The last time Bernie Sanders ran for president, he was treated like a pariah within the Senate Democratic Caucus: His colleagues thought his campaign was a liberal fantasy that served only to damage Hillary Clinton.
This time, though, the Vermont independent is getting a warmer reception from the senators who constitute much of the Democratic establishment he’s railed against.
It’s not that the Democratic Caucus is rallying behind him; most of its members would prefer a more mainstream nominee, even if they’re unwilling to say it at this point. But they’re giving Sanders props for what he’s accomplished and say if he’s able to win the nomination, more power to him.
“There was a question in my mind of whether he could get back up on the bicycle after four years. But he’s off to a solid start,” said Sen. Dick Durbin of Illinois, the second-ranking Democrat and a staunch Clinton supporter in 2016. “I know Bernie, I’ve worked with Bernie. I understand him. People have images of him, which may be different than mine. But if you’re asking me about Bernie Sanders vs. Donald Trump? No problem.”
“I don’t want to speak for Bernie, but my sense is that he’s comfortable that it’s a level playing field,” said Sen. Brian Schatz (D-Hawaii). “And that even if he doesn’t succeed, that his views are being well-represented in the Democratic Party.”
Sanders was added to the Senate leadership team after his 2016 loss, putting him in close proximity to Democratic leaders he had little to do with before. The exposure “pushed Bernie to reach out more to inside the party,” said Larry Cohen, chairman of pro-Sanders group Our Revolution.
Democratic leader Chuck Schumer is remaining neutral in the crowded primary, as are a majority of Senate Democrats caught in awkward positions between the half-dozen senators running. Generally, senators avoid talking about a single candidate out of fear they would offend someone in the caucus.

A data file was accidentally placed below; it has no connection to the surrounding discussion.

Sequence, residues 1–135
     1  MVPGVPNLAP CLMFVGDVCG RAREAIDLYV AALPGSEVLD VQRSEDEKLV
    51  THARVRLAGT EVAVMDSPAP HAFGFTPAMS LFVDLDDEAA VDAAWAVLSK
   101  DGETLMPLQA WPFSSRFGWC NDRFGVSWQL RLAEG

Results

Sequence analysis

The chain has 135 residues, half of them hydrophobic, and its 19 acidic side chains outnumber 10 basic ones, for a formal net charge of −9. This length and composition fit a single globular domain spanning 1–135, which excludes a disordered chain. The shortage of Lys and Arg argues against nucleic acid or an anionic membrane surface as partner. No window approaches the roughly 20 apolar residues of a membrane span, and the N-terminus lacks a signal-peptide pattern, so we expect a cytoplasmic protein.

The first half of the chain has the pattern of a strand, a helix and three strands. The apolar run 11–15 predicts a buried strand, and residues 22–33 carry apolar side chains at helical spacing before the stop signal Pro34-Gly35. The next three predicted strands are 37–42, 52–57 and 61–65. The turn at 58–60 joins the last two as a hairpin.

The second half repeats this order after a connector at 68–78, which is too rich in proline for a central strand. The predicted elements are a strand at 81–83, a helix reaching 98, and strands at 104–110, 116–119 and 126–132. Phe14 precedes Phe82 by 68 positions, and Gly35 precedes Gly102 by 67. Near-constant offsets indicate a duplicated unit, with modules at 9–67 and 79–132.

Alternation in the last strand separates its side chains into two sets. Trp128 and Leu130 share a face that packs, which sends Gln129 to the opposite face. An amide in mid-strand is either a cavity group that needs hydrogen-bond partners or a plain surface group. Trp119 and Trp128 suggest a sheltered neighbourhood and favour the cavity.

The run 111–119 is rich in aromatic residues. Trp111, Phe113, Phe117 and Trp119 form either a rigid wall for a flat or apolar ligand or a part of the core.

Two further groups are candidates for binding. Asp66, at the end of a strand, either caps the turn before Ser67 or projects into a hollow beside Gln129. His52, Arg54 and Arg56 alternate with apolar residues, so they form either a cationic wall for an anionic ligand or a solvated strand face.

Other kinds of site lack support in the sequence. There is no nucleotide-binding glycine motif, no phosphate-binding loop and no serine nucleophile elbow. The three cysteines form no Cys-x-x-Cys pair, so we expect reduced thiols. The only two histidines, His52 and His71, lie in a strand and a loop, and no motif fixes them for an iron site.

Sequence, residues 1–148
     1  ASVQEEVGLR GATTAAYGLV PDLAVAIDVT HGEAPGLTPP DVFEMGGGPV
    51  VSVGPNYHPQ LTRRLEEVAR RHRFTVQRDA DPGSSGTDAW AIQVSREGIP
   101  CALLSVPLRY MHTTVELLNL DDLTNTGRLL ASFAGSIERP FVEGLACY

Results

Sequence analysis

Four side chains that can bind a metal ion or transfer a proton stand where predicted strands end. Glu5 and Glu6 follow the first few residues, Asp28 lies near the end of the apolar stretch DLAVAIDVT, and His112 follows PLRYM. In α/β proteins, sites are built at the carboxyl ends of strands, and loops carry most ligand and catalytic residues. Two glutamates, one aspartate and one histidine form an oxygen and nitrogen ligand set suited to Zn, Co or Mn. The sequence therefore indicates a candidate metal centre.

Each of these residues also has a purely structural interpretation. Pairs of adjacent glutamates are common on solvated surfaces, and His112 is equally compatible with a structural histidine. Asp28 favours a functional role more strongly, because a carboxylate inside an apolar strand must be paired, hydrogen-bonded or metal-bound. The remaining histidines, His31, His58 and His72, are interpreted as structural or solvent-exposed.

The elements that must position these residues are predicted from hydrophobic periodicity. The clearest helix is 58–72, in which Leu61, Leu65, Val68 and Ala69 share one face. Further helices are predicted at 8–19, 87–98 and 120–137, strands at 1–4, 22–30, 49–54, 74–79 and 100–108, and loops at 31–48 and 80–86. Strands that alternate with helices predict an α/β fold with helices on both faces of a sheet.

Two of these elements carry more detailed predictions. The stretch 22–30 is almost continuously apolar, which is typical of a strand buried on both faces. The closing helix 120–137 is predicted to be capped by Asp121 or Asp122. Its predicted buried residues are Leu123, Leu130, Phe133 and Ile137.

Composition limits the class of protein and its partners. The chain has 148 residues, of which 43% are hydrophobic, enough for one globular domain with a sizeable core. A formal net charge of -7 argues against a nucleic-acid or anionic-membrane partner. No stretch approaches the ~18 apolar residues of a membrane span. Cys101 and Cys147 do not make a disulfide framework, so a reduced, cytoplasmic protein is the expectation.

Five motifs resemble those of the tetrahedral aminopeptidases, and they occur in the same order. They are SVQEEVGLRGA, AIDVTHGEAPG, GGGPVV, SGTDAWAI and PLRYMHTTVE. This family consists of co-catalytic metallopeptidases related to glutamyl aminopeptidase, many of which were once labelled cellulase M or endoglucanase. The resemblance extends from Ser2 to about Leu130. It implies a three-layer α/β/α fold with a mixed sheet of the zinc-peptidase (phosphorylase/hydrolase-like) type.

Yet it’s clear there’s been a sea change over the past three years in how Democratic senators view Sanders. They said they respect the movement he’s built and its potential to help the party defeat Trump, whether or not Sanders is the nominee.
Many Democrats insisted on anonymity to speak candidly about the primary, but they acknowledged Sanders is no longer persona non grata.
“I certainly hear out in the political world a lot of concern [about Sanders]. I don’t hear a lot of that internally,” one Democratic senator said. Democrats “look at him differently because he’s not running against Hillary Clinton. He’s a major player in the party in a way that he wasn’t [in 2016]. He looked like a quixotic candidate. It’s not like people are sitting around thinking about how to keep the nomination from him” this time.
There are a few reasons for that. Democrats believe there’s a decent chance Sanders could peter out on his own and that going after him would only give him and his followers ammunition to attack Washington insiders. But there’s also a feeling that if Sanders can come out on top of a level playing field in 2020, then he’s earned it.
“The worst thing you can do is push somebody out. They just dig in harder,” added a second Senate Democrat. “My guess right now is if you’re to do a straw poll he’s the favorite to win.”
“There were a lot of people that wanted selfies with Bernie. A lot more than wanted selfies with me,” he said. “There’s a lot of affection for him.”